Disturbances in circadian rhythms and sleep patterns are a common problem in patients with Alzheimer's disease (AD), and interestingly, these changes already occur in patients with mild cognitive impairment. Although originally assumed to be side effects, recent studies suggest that disruptions of circadian rhythms may actively contribute to the pathology of AD, albeit via mechanisms that are unclear. Circadian clocks are present in most organisms and their underlying molecular mechanisms are highly conserved. In general, daily rhythms in behaviors such as sleep and memory weaken with age and also the molecular clock mechanisms are affected by aging in both, Drosophila and humans. In addition, both the Amyloid Precursor Protein (APP) and the secretases that generate its proteolytic fragments are conserved in Drosophila and transgenic flies that express human APP695 or its fragments have been generated. Drosophila therefore provides a uniquely suited model for defining mechanistic connections between the circadian clocks, age, and AD. Using Drosophila, we recently found that expressing only the C-terminal domain of APP (AICD) causes memory deficits and disrupts sleep/activity patterns. It also interfered with the expression of core clock genes. In addition, we observed that the nuclear localization of the AICD showed rhythmic changes in specific neuronal populations, including the Kenyon cells that are required for learning and memory formation and the neurons of the central pacemaker, whereby this pattern was disrupted with age. We also found rhythmic changes of nuclear AICD in the central pacemaker of mice. We therefore hypothesize that the age-related changes in the circadian clock result in a misregulation of the nuclear localization of the AICD, which in turn misregulates clock gene expression. Notably, it has been described in mammalian cells that the nuclear translocation of the AICD predominantly occurs after ?-processing, as has been described in spontaneous AD. Therefore, interactions between the AICD and the circadian clock would be further disrupted in AD patients by increased nuclear translocation of the AICD, resulting in progressively worsening sleep and circadian disruptions in AD patients. Furthermore, changes in the activity of the AICD may contribute to the cognitive decline in AD patients either by directly affecting memory genes or indirectly by disrupting circadian rhythms. To obtain insight into the connection between the AICD and circadian clocks, this proposal will determine how day-night changes in the nuclear localization of the AICD are controlled, how this is may be affected in AD, and to what extent this may contribute to AD. To address these aims, we will use a combination of experiments in flies and mice, taking advantage of the strengths of each model. Public Heath Relevance: The disruptions in sleep pattern and circadian rhythms connected with AD have deleterious effects for the patients and indirectly also affect the health of many caregivers. Defining the role of the AICD in regulating circadian clocks and sleep will provide the basis for developing treatment strategies that could ameliorate or prevent this aspect of AD and possibly also improve the cognitive decline in AD patients.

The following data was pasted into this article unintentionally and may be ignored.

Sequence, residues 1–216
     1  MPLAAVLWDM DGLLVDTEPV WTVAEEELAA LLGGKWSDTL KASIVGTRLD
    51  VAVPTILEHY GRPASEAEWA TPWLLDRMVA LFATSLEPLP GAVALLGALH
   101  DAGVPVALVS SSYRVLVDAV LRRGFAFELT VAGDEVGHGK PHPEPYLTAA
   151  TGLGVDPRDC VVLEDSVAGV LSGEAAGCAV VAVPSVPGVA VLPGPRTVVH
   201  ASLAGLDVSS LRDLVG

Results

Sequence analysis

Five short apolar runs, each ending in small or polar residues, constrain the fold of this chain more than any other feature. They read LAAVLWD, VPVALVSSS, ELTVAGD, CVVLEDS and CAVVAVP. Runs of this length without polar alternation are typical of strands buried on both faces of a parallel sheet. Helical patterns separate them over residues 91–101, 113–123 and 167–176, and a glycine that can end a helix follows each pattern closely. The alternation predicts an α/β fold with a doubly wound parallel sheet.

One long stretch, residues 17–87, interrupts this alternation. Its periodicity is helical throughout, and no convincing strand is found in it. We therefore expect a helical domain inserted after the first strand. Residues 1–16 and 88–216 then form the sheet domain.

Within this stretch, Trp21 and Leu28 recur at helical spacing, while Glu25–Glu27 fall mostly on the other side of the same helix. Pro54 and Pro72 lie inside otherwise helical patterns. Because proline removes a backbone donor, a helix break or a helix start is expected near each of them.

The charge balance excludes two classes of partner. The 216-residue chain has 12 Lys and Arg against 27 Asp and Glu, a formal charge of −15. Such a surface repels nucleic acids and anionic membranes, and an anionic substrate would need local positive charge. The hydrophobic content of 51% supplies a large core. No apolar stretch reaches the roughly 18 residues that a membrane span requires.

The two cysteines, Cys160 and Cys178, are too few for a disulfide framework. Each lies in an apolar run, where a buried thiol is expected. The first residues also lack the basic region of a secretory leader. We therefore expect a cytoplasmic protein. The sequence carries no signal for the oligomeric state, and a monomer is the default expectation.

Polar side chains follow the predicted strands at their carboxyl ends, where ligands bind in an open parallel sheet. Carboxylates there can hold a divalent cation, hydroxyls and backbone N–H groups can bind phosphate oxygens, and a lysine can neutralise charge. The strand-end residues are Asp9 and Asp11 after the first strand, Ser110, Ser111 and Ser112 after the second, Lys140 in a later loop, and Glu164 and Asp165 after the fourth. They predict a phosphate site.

Disruptions of circadian rhythms and sleep patterns are very common in Alzheimer's disease (AD), although the underlying mechanisms are unknown. Our preliminary work suggests that the C-terminal fragment of the Amyloid Precursor Protein (AICD) controls the expression of core clock genes, but also that the nuclear localization of the AICD is controlled by the circadian clock itself. Therefore, we hypothesize that AD-induced changes in the AICD together with an age-related misregulation of its nuclear localization (due to weakening of the clock) cause the circadian disruptions and contribute to the cognitive decline in AD patients.
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